The future of towns and cities will rest heavily on the people who live and work there. Businessmen in particular, will be a crucial factor. Yet few appear to think this far forward. As one managing director of a major public company said: "I have enough trouble working out what will be happening next year. The next century is a total mystery."

But most are willing to provide informed guesses - providing they are guaranteed anonymity. "Any hint of what we would be planning in the next century would be meat and drink to our competitors," said the chairman of one of the country's top retailers.

A poll of 80 listed companies covering the spectrum of the UK economy threw up the following responses.

Are you optimistic/pessimistic about the city of tomorrow ?

What will be the major problems?

Major benefits Will you be in the city of tomorrow? Will you be using less or more space in 20 years Are you using more or less space than five years ago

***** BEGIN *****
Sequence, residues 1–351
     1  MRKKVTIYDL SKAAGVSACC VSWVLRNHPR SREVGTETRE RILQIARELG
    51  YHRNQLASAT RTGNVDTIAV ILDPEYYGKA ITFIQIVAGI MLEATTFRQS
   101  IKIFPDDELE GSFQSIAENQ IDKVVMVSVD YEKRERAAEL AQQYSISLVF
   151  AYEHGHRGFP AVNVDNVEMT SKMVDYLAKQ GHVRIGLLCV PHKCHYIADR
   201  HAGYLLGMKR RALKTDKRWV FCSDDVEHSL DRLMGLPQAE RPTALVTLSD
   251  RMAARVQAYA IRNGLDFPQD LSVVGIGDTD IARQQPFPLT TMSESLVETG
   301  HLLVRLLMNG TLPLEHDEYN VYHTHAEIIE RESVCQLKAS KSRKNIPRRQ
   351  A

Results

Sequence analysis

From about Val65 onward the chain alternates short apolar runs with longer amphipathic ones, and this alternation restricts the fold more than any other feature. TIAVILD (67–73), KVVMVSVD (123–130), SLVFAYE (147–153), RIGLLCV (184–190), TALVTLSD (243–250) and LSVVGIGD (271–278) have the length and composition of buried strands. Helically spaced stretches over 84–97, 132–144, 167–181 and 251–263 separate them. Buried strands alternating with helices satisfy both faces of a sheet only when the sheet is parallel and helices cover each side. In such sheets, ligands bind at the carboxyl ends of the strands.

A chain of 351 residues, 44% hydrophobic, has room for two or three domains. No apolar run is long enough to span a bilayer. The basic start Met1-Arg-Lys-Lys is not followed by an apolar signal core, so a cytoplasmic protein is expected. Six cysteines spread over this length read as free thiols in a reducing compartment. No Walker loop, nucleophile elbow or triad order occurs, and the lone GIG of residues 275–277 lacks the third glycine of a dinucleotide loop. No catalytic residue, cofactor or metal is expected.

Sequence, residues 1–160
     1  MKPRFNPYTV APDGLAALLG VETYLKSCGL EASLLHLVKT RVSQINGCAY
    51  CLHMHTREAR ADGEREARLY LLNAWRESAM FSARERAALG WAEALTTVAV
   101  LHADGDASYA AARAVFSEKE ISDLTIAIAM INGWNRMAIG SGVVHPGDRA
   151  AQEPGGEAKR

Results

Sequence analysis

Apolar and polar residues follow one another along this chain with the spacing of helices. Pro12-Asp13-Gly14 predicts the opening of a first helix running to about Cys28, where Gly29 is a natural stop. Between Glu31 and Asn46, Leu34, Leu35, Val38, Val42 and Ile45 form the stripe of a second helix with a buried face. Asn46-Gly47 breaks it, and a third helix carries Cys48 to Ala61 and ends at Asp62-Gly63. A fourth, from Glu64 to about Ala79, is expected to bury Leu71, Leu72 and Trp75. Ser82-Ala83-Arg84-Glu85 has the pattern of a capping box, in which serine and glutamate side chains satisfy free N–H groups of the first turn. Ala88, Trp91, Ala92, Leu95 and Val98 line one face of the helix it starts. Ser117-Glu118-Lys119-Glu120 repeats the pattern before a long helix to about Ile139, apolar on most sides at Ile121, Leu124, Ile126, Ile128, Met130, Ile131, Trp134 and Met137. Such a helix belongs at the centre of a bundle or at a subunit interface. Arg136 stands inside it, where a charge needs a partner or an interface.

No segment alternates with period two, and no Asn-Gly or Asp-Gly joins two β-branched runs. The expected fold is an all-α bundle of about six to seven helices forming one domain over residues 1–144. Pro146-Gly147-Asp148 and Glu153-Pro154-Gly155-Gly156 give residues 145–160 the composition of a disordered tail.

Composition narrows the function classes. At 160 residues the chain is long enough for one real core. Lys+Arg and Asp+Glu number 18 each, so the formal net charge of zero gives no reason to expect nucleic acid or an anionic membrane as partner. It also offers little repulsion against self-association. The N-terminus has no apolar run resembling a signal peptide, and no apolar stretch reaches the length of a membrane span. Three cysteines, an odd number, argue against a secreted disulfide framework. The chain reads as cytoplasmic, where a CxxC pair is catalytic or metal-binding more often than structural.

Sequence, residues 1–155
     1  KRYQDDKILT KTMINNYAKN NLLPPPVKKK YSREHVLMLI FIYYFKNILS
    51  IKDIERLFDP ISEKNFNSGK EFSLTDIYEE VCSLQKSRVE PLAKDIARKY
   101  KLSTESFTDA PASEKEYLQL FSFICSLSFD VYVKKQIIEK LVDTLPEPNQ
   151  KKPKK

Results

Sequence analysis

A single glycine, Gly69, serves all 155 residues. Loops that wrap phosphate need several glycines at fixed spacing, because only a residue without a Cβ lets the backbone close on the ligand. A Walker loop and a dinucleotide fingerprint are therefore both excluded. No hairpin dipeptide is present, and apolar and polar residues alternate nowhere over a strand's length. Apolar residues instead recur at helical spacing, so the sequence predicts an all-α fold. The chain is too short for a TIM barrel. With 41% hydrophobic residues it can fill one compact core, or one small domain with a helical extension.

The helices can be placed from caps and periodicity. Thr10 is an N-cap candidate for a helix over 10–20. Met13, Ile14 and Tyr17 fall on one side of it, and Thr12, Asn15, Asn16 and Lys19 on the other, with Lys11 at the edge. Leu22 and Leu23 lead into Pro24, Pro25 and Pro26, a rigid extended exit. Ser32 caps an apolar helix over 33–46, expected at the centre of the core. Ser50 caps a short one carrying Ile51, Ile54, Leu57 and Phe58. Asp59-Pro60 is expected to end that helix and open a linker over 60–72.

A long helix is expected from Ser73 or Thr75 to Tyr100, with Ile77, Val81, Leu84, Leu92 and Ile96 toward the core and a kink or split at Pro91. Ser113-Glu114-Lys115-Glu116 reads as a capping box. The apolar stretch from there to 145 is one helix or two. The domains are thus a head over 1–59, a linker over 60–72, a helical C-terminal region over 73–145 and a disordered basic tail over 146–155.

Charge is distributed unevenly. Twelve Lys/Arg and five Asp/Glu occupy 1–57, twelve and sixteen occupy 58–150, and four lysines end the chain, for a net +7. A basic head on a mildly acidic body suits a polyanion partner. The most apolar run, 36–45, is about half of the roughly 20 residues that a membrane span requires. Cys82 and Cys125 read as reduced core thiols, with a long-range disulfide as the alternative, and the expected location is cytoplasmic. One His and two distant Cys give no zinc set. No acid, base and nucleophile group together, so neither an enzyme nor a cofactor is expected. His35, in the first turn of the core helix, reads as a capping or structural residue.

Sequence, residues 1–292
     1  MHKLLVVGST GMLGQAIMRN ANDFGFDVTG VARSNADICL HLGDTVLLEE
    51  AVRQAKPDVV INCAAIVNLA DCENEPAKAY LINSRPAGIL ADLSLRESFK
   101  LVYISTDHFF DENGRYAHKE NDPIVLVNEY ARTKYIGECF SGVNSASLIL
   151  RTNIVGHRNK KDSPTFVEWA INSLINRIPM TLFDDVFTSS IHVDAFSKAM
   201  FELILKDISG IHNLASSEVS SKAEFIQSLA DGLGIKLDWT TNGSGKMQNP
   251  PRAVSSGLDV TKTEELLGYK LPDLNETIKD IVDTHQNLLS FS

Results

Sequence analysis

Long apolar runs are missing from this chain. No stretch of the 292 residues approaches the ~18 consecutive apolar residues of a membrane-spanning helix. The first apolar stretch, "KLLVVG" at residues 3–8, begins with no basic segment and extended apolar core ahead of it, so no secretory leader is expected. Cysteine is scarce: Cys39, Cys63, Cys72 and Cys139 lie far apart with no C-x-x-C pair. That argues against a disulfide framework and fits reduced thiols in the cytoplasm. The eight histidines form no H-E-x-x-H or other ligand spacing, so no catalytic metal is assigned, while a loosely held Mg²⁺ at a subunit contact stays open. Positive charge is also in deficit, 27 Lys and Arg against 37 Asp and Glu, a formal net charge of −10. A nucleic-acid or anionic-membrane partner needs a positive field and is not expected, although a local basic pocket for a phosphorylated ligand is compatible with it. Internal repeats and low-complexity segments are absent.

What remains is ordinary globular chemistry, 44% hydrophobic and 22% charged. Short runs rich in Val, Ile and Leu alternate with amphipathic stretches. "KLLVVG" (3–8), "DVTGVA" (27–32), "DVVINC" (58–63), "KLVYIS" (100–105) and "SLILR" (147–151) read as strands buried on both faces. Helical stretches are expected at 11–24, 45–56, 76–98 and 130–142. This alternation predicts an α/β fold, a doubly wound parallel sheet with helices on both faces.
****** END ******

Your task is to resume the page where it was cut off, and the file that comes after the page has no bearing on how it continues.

The picture emerges of gloom outweighing hope, but also a great deal of uncertainty. Poor transport, unemployment and pollution loom on the horizon for most businessmen. Nor are they happy about the prospect of getting satisfactory premises. On the other hand, few expect to desert the towns and cities. The very factors they criticise, like transport, rate too highly to leave behind. But notice that shopping and entertainment rate more mentions than even access to staff and customers. We will return to this vital function of the city later.

When it comes to premises, an even balance appears to be struck between expansion and contraction. Yet almost a third admit to not knowing - and further questioning usually brings an admission that judgements about expansion and contraction are mere guesswork.

This is not surprising when a remarkable 35% of companies are not sure whether they are using more space now than five years ago. If they cannot judge for today, they may be poor pointers to the future.

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